Ononye VC with BBC bureau reports
Chad’s President Idriss Déby died of his injuries following clashes with rebels in the north of the country at the weekend, the army has said.

The announcement came a day after provisional election results projected he would win a sixth term in office.
The government and parliament have been dissolved. A curfew has also been imposed and the borders have been shut.
Mr Déby, 68, spent more than three decades in power and was one of Africa’s longest-serving leaders.
An army officer by training, he came to power in 1990 through an armed uprising. He was a long-time ally of France and other Western powers in the battle against jihadist groups in the Sahel region of Africa.
Mr Déby “breathed his last defending the sovereign nation on the battlefield”, an army general said on state TV on Tuesday.
He had gone to the front line, several hundred kilometres north of the capital N’Djamena, at the weekend to visit troops battling rebels belonging to a group calling itself Fact (the Front for Change and Concord in Chad).
A military council led by Mr Déby’s son, a 37-year-old four star general, will govern for the next 18 months.
Mahamat Idriss Déby Itno will lead the council but “free and democratic” elections will be held once the transition period is over, the army said in its statement.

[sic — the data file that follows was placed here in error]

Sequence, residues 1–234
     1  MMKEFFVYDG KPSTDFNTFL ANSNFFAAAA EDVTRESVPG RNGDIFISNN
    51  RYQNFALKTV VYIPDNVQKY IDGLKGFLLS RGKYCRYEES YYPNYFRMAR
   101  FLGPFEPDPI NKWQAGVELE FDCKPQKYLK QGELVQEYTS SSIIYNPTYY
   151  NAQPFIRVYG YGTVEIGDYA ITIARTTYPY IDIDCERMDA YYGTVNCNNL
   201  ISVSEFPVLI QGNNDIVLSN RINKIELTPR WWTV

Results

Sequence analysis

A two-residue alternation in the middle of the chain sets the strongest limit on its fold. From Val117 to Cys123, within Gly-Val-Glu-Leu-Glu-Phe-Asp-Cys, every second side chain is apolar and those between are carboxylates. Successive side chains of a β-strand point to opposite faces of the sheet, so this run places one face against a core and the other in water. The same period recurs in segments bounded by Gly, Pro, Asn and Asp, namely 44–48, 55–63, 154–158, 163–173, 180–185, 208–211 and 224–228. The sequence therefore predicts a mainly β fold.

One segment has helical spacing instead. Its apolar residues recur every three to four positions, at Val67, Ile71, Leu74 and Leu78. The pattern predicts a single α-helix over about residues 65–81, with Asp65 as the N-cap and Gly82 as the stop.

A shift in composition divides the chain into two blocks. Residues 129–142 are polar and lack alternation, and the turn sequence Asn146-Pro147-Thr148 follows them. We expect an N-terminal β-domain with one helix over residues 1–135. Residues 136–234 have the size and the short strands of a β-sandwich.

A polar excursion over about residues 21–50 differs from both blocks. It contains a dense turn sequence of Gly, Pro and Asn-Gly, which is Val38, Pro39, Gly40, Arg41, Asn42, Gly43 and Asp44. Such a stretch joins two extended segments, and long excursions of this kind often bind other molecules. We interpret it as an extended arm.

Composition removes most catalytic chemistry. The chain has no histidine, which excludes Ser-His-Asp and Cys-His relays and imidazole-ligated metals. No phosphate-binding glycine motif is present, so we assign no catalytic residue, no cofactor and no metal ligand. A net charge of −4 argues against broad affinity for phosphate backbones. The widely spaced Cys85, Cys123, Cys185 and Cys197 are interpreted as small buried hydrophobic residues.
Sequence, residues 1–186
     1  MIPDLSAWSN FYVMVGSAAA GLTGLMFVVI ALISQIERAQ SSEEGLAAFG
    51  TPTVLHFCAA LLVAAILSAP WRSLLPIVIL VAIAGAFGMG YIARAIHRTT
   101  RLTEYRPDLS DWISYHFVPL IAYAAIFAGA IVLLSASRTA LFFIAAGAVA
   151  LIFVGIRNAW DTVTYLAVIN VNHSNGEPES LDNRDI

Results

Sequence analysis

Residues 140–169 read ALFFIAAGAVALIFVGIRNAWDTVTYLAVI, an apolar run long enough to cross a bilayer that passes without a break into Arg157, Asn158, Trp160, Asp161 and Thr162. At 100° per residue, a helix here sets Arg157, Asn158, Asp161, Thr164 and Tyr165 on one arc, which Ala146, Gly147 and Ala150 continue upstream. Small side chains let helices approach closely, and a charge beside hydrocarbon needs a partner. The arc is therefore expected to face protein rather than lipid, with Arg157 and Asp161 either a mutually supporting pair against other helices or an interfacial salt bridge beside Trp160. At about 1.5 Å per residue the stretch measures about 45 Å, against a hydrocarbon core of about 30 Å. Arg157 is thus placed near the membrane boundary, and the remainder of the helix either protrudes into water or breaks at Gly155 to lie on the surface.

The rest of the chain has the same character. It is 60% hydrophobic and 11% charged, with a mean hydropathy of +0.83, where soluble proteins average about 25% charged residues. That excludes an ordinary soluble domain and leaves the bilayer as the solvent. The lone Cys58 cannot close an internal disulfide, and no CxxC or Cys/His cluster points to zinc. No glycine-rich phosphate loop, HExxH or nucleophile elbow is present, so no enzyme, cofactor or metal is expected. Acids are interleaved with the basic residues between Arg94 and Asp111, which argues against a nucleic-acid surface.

Ahead of the election on 11 April, Mr Déby campaigned on a platform of bringing peace and security to the region.
But there has been growing unhappiness over his government’s management of Chad’s oil resource.
Mr Déby has been a huge figure both in Chad and the wider region.
Under his command, the country sent forces to assist Nigeria in the campaign against Boko Haram. It has been a major player in the G5 Sahel, with troops deployed in Mali and Niger. Chad also holds a big influence over events across its southern border in the Central African Republic.
Internally, the government still appears to be in command and will seemingly be headed by Mr Déby’s son.
But the longer term outlook is uncertain. Mr Déby had just been re-elected in a contest that opponents felt was far from democratic. With this in mind, it is not clear whether his successor will be able to sustain an authoritarian system.
It is reported that Mr Déby was wounded fighting rebels in the Kanem region, just north of the capital N’Djaména. The previous bout of rebel activity had been much further north, in the Sahara and near to the border with Libya. This suggests instability has moved much further south.
There are also deep underlying political, societal and development pressures in Chad that were contained by Mr Déby’s forceful rule but certainly not resolved.
Much will depend on whether his son’s military regime will seek to develop dialogue and consensus about the way forward or try and sustain the type of constitutional strongman regime that Mr Déby built.

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